Music Myths… Busted!



Here are some common myths about music. These are things I’ve heard over the 10 years I’ve spent teaching and talking to people about their learning experiences. Each Monday I’ll add another post about Music Myths.


Have you heard or even *gasp!* said any of these?


Myth: If I make a lot of mistakes my teacher will drop me.

Reality: Your teacher hopes to help you overcome mistakes and the only way to do that is to make mistakes in front of the teacher! Excellent teachers know it’s rare to play through a song in its entirety without making a mistake… So we don’t expect perfection at all times. We PREFER to witness mistakes to help you fix whatever is going wrong and learn how to jump those hurdles in the future. Your lessons are the best time to make mistakes.



Myth: I’ll never be able to play well because I didn’t start as a child. Adults learn too slowly.

Reality: It is never too late to learn! You never know what learning music could do for you. If you practice each day and learn the instrument you are most interested in, you’ll be surprised how quickly you pick up the new information. Adults usually struggle the most with understanding the information on a cognitive level before being able to practically use it so technical exercises may be a challenge but as with everything, repetition is a wonderful teacher. Adults of all ages, regardless of background, benefit greatly from music education.  Adult students are actually a ton of fun to teach!

adult students



Myth: I have to practice for an hour every single time to see results.

Reality: Find the amount of time that is optimal for you as a student. If you know that you only have 10 minutes & think you can troubleshoot one section of a song, go for it! 10 minutes here and there is so much better than zero. Maybe you’ll have the chance to practice for another 10 minutes later that day, too. Now you’re at 20 minutes for the day! Instead of a set amount of time, set a practice goal. Have in mind what you’d like to achieve and practice until you’ve got it down. Take any amount of time you can use and watch those practice sessions become incredibly productive.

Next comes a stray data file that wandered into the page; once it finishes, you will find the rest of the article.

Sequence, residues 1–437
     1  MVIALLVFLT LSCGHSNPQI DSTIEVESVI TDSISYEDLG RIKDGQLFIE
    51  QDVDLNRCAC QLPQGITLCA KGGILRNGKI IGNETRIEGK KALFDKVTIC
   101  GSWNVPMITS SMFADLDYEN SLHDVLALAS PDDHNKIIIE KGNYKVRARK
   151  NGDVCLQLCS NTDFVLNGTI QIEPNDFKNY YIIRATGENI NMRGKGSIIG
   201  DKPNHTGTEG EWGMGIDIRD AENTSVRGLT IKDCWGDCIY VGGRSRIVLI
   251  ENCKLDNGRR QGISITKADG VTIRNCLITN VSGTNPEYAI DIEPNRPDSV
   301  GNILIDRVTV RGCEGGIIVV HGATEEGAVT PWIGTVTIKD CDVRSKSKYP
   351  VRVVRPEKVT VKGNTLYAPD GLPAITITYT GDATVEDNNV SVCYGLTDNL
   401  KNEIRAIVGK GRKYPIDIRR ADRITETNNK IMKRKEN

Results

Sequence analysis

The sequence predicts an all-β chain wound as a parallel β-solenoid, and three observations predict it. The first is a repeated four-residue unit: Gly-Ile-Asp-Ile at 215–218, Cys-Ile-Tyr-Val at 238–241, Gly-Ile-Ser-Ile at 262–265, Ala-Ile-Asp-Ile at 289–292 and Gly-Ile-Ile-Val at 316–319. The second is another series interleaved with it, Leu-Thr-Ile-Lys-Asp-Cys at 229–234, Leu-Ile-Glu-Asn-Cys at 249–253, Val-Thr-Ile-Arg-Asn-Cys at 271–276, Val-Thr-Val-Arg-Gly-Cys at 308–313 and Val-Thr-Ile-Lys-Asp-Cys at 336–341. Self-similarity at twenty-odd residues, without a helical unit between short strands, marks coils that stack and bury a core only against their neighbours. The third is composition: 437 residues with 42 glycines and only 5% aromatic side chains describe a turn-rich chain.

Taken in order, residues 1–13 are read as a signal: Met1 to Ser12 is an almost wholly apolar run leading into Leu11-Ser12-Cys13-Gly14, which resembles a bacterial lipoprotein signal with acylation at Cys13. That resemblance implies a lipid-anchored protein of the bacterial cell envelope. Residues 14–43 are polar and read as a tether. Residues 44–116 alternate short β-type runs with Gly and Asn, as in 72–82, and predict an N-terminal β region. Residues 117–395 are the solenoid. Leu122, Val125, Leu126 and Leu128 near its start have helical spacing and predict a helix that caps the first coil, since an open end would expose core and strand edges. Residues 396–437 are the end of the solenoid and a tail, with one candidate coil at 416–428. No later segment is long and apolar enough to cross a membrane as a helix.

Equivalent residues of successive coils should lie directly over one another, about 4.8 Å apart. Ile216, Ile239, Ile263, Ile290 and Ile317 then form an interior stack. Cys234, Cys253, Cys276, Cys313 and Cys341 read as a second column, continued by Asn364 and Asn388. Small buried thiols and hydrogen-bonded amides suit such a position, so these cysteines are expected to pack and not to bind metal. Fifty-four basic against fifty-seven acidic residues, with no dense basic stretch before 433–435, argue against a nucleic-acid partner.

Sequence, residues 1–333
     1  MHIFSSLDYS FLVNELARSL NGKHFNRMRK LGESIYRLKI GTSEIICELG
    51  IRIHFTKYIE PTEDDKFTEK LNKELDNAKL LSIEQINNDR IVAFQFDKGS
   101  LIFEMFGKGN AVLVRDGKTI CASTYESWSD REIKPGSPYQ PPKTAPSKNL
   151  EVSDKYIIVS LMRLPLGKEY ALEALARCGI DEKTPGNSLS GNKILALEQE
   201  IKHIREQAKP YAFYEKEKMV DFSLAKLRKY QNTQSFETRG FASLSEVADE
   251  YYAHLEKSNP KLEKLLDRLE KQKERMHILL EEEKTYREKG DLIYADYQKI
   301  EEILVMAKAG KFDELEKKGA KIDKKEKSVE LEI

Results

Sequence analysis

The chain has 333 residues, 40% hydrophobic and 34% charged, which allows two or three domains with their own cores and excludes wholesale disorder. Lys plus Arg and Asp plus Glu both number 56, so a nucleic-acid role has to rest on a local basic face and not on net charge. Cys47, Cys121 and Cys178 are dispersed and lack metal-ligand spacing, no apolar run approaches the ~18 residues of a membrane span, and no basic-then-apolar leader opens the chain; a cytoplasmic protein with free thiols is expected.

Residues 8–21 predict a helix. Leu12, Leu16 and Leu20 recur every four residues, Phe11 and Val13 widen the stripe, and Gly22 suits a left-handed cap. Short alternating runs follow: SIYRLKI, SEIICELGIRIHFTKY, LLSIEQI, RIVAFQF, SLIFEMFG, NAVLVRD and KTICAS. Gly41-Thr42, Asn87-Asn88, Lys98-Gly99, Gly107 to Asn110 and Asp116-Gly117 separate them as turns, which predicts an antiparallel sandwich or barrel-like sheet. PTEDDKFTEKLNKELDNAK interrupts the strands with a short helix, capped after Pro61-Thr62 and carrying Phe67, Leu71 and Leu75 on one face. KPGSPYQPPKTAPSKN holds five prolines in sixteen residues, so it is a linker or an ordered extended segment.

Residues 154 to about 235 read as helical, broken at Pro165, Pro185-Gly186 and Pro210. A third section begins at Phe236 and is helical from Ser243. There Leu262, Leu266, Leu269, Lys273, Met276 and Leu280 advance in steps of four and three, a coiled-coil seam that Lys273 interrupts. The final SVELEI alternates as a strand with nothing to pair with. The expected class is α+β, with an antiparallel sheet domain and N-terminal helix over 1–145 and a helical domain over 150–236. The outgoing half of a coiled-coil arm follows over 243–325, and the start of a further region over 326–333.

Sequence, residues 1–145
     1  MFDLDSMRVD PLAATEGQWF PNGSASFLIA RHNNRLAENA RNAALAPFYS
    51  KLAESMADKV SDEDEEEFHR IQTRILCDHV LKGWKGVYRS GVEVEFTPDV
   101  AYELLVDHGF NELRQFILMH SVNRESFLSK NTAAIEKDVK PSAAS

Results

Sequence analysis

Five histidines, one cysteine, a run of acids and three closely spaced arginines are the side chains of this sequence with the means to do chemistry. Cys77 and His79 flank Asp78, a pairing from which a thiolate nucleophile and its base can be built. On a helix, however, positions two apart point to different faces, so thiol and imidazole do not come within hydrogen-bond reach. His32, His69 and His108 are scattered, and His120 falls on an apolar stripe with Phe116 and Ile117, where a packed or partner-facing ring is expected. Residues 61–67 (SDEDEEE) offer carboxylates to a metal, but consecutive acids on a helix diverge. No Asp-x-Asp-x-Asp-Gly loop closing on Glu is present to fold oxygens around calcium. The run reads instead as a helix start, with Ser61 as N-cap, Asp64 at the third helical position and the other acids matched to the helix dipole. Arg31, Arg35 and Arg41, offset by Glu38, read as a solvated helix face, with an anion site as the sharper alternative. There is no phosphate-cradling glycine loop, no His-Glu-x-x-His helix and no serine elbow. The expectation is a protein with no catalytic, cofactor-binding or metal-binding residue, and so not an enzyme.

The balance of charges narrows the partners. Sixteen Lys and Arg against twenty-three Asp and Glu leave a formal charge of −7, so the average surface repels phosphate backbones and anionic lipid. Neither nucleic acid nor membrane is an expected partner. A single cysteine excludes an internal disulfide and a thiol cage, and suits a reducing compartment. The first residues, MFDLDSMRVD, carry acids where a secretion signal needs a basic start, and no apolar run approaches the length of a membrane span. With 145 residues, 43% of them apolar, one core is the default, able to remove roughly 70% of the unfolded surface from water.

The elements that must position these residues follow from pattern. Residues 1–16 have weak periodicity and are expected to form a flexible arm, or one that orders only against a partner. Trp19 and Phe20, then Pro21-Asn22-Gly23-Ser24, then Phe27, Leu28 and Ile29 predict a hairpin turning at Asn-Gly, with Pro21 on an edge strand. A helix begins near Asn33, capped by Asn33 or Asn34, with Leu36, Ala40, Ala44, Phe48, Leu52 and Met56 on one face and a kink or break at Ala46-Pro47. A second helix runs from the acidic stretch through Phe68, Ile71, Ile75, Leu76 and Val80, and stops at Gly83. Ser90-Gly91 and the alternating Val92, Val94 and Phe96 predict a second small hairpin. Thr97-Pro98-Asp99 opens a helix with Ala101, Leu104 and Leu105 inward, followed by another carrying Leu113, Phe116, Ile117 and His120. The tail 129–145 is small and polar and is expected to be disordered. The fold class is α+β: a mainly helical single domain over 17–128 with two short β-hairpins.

Myth: I can’t write in my music.

Reality: Writing in your music can help you greatly to understand what’s already written on the page at a glance. You can add fingering, circle tricky passages, enlarge key or time signatures, highlight repeat signs, whatever you need to help you at a moment’s notice. Your music books can look more like workbooks. Do not think I am instructing you to write in every single note name. I am absolutely, 100% not telling you to write in every single note name. You can, however, write in little guides for you as you navigate the page. Write just enough to help and always use pencil. In fact, always keep a pencil near your practice area so you can write things down quickly!

write in music


What are some more myths you want to see busted?


Happy Playing!


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